Iran's nuclear program "irreversible": president

TEHRAN (Reuters) - Iran’s nuclear program is irreversible, President Mahmoud Ahmadinejad said on Wednesday, voicing continued defiance in the face of possible new international sanctions on the Islamic Republic.

Iranian President Mahmoud Ahmadinejad shakes hands with supporters as he attends the funeral ceremony of recently recovered bodies of fallen soldiers of the Iran-Iraq war (1980-1988), in Tehran, November 6, 2007. The ceremony was held to commemorate the deaths of the unidentified soldiers. REUTERS/Raheb Homavandi

He also insisted that Iran now has 3,000 centrifuges, used to enrich uranium, in its underground Natanz nuclear plant. Enriched uranium can fuel power plants but also, if refined further, provide material for bombs.

Western experts say 3,000 machines running smoothly for long periods at supersonic speed could make enough enriched uranium for an atomic bomb in about a year, if Iran wanted, and form the basis for “industrial-scale” nuclear fuel production.

“The Iranian nation has entered the phase of industrial scale of nuclear fuel (production) and the train of the Iranian nation’s progress is irreversible,” Ahmadinejad told a rally in South Khorasan province, broadcast live on state television.

“Today, we’ve reached 3,000 centrifuges,” he said.

Ahmadinejad, who like other Iranian leaders rejects U.S. accusations that the country is seeking to develop atom bombs, said in September that Iran had “more than 3,000 centrifuges working” and that more were installed every week.

But an International Atomic Energy Agency report said in August Iran remained well short of 3,000 centrifuges functioning and that its rate of enrichment was still far below capacity.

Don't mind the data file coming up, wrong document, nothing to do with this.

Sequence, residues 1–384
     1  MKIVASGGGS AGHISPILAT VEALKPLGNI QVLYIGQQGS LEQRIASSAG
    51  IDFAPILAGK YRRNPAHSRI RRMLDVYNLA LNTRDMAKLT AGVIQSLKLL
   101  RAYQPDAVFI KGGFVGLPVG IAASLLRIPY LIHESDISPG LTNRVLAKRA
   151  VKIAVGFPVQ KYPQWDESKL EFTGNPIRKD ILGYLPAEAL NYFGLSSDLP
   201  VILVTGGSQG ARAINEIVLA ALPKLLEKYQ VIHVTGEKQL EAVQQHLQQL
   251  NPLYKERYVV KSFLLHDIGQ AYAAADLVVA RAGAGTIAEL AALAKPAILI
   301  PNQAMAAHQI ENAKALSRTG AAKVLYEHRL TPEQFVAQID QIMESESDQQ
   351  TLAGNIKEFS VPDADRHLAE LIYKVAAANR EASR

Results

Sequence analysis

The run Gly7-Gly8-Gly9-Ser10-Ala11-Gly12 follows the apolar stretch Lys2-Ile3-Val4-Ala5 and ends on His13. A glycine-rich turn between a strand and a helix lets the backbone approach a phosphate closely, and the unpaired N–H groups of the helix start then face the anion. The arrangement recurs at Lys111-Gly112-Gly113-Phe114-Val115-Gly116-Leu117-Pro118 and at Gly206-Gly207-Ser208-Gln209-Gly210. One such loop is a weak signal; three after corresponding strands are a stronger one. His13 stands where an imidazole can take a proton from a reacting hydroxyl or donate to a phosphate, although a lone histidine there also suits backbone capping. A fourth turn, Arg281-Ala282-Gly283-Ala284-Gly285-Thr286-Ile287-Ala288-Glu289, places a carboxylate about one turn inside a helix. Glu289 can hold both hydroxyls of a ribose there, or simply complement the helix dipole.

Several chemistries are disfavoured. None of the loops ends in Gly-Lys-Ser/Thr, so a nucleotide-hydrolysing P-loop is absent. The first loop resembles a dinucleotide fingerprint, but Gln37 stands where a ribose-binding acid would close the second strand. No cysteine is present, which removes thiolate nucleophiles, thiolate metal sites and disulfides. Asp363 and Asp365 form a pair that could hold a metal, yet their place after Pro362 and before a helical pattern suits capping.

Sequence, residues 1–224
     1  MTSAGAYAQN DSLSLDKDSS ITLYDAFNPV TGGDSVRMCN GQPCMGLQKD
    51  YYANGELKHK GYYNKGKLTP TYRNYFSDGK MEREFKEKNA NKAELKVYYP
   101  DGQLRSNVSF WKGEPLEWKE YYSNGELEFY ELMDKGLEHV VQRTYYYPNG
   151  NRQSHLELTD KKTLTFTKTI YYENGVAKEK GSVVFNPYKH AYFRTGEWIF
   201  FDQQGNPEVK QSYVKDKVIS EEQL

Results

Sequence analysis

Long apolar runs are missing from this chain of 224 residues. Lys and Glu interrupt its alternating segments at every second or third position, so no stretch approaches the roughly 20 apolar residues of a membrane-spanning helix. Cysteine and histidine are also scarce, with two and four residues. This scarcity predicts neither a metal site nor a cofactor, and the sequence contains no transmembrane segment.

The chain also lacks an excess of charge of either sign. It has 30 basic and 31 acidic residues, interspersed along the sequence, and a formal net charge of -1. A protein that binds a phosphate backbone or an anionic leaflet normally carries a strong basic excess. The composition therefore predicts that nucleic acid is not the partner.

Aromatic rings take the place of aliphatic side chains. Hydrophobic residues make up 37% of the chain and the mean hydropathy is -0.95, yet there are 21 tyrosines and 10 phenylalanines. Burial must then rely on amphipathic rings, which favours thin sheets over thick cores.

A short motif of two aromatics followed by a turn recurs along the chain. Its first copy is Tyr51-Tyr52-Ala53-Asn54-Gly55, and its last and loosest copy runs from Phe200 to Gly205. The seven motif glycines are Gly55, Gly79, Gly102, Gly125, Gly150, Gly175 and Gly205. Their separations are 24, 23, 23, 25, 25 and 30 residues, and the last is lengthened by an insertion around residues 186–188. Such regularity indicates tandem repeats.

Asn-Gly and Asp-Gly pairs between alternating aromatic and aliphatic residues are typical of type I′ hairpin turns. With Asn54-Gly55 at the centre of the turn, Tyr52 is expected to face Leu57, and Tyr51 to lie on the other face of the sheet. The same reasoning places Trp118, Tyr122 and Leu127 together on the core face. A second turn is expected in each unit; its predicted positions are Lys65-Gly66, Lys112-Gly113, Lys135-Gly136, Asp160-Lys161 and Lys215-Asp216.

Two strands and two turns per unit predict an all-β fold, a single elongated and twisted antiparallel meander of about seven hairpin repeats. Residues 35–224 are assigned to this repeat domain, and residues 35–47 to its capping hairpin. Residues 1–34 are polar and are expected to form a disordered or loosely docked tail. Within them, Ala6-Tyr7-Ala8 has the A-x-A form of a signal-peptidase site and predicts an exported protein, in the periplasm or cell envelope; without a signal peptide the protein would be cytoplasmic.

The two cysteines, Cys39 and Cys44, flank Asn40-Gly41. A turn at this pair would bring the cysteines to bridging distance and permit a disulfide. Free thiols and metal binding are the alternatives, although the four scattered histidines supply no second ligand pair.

In Washington, State Department spokesman Sean McCormack could not confirm Ahmadinejad’s claim of 3,000 centrifuges in place and said the United States was awaiting an upcoming assessment by the IAEA.

“Whether it is 2,000 or 2,500 or 3,000 or 1,000 centrifuges, the fact of the matter is -- the irreducible fact -- is that they are continuing to defy the international community, that they have refused the offers of negotiation and cooperation,” McCormack told reporters.

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Diplomats and analysts say Iran now appears to have nearly 3,000 installed, divided into 18 cascades of 164 each, but there is still no evidence they are being run together or that all are being fed with uranium for enrichment.

“Iran likely has managed to learn how to operate individual cascades adequately but may still be struggling to operate a large number at the same time in parallel,” analysts David Albright and Jacqueline Shire wrote in the November issue of Arms Control Today.

“...Iran is likely to need several more months to get (3,000 centrifuges) fully operational.”

Six world powers agreed in London last week to push ahead with a third round of U.N. sanctions against Iran unless reports this month indicate Tehran has tried to address their concerns about its atomic activities.

“They passed resolutions based on wrong information,” Ahmadinejad said, referring to two previous U.N. sanctions votes. “The Iranian nation will never back down, even one iota.”

Britain, France, Germany, the United States, Russia and China are expected to meet again on November 19 to assess reports from IAEA head Mohamed ElBaradei and European Union foreign policy chief Javier Solana.

The United States imposed unilateral economic sanctions on Iran last month and has not ruled out military action if diplomacy fails to halt Iran’s sensitive atomic work.

But diplomats from other countries have said they want to hear how Iran’s talks with the IAEA are progressing.

“We are for negotiation but we would never negotiate over our independence and rights,” Ahmadinejad said.

Additional reporting by Mark Heinrich in Vienna; editing by Robert Hart